There was an adoption event going on at Petco one Friday.There were cages filled with adorable cats and kittens.I saw this beautiful calico, named Maxie, and she stole my heart instantly.She was approximately 8 weeks old.I asked the volunteer about her, and she told me that she has been very popular with people.I thought about it for a little while.I told myself that I'll come back on Sunday to adopt her.If she isn't there, then it was never meant to be. I went home and told my husband about it.He could see the joy in my eyes as I was describing Maxie.That Sunday, I went to Petco, with a pet carrier in hand.There she was, waiting to come home with me on September 29 2013.While I was driving home, her mouth was open as if to meow, but there was no sound.She was the kindest, loving little thing.She would get up on me, and snuggled around my neck area.When it was time for bed, she would burrow herself under the blanket, near my thighs.One night, she peed on the bed. Then, she peed on it again.It's as if Maxie could not hold on to her urine to get to the litter box.We eventually realized that her belly area started getting big. We teased her, calling her fat, but she hardly eats. On October 11, husband picked me up after a meeting.I noticed his eyes were pinkish, and his nose sounded stuffy.I asked him what was wrong.He took Maxie to the vet.They discovered it was FIP. I cried instantly. On October 12, we put her to sleep, before she suffers. I didn't want to put her to sleep, but I didn't want her to suffer either. Husband said "Even though she didn't have a long life, at least she had a good one with us. She is in a better place now," but there isn't a day that goes by that I wish she was with us. I love and miss you, Maxie. You will forever be my furry baby girl. Thank you for being a part of my life.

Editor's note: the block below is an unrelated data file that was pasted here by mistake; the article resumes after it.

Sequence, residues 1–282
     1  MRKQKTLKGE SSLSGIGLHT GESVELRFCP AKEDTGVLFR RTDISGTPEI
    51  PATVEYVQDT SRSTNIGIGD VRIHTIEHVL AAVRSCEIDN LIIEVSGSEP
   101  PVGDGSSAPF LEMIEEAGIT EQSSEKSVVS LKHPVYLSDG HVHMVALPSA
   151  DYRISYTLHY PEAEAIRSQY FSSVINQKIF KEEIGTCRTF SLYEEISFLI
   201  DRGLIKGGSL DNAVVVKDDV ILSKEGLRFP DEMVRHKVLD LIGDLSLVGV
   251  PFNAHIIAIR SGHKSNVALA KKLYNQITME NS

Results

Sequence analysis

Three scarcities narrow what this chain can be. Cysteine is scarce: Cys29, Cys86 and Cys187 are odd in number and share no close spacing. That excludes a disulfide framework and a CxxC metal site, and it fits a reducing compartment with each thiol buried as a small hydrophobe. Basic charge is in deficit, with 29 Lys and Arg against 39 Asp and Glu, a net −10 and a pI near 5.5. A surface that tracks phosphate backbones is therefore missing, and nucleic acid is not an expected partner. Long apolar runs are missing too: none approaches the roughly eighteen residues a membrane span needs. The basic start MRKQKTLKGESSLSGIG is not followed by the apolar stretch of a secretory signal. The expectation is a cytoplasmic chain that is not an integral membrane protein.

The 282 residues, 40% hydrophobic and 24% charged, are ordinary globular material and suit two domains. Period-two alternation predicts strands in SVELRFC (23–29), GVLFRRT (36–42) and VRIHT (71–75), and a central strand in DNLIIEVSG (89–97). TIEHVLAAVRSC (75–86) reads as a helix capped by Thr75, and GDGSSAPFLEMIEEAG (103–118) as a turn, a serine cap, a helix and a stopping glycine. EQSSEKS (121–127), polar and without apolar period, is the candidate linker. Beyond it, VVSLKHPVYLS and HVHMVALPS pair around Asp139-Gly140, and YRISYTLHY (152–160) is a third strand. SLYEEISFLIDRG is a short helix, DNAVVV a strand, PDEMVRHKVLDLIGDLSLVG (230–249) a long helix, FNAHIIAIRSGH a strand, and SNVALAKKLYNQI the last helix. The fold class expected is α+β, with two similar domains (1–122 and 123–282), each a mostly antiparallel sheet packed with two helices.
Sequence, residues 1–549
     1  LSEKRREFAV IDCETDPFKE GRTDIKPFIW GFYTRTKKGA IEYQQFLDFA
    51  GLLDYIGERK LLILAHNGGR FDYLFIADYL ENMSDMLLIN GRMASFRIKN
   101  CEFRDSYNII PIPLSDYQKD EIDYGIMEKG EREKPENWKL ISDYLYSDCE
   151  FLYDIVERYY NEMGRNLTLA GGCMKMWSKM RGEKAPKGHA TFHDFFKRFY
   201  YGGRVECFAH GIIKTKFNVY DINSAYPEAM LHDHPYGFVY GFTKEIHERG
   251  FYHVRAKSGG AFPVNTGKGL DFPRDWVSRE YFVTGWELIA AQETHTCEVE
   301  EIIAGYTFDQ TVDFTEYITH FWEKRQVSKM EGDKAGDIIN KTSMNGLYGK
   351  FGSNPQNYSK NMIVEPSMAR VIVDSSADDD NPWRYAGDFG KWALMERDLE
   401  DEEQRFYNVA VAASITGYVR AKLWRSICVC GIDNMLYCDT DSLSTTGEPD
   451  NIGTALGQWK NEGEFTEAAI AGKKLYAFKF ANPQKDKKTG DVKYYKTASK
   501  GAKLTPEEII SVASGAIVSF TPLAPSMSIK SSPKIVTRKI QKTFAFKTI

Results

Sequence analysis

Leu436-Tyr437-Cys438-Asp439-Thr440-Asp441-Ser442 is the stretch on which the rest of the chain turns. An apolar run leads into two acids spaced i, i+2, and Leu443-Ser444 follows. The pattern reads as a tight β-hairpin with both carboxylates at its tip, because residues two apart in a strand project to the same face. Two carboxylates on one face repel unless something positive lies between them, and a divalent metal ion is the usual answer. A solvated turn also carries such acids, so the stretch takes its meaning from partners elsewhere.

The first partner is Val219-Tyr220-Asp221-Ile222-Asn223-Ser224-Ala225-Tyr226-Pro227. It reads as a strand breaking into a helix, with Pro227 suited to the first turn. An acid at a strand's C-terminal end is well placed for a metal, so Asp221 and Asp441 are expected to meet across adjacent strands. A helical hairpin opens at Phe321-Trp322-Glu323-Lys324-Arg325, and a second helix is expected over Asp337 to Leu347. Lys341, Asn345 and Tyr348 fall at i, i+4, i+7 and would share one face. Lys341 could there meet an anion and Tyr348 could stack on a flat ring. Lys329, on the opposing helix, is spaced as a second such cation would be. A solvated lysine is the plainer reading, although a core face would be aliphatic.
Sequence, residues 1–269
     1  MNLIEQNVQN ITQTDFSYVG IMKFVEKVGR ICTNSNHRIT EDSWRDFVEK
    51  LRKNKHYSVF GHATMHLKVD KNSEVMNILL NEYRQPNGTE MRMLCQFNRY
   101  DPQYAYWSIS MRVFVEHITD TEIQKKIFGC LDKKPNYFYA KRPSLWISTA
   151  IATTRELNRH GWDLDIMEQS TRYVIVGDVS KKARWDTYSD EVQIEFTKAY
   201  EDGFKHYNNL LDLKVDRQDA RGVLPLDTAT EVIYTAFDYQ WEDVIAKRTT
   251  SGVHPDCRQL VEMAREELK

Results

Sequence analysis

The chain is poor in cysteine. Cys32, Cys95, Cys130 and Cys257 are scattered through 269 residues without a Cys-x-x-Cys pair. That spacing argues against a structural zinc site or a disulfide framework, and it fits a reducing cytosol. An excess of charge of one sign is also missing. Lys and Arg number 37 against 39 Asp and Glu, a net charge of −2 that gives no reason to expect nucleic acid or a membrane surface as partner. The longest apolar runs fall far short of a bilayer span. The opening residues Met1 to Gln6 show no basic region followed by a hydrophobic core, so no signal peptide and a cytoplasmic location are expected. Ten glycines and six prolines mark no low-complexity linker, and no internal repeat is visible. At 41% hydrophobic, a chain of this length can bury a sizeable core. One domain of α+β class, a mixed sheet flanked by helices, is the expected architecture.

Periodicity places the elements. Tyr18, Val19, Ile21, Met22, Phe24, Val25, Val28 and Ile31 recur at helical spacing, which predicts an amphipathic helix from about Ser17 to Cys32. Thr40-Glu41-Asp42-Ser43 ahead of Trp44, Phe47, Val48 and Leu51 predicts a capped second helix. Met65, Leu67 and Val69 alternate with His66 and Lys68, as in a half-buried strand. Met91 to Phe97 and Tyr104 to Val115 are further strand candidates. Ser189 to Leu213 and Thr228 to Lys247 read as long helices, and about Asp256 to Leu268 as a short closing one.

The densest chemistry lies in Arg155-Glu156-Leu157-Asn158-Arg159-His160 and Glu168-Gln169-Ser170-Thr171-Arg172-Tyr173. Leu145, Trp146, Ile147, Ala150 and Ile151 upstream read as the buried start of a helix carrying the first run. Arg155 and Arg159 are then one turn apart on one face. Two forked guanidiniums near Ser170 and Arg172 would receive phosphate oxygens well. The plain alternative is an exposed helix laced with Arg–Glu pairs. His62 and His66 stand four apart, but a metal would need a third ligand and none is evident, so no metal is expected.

My handsome, solid black, short-haired, Midnight suffered solitude while I worked 12 hours/day. So I searched for a companion for him. My girlfriend was outside her house one afternoon when this tiny tortishell kitten ran toward her from nowhere, mewing for help. Cheryl already had more cats than she could care for; (and she did not like cats) one more mouth wasn't going to work.
So I took the itty bitty thing home and named her Munchkin. At first the kitten wanted nothing to do with me. That was okay, since I adopted her for Midnight anyway. She lived under my bed for two weeks, terrified, suffering from fleas and ear mites. I fed her and gave her water under the bed, expecting nothing. One night as I immersed my muse in writing a story, I turned away for a moment then back and found the kitty sitting next to my keyboard as if she'd been doing it all along. She carefully found her way onto my lap and into my heart. Now Munchkin owns the house, everything in it and keeps all the other cats in line. I've had her for 14 blessed years now.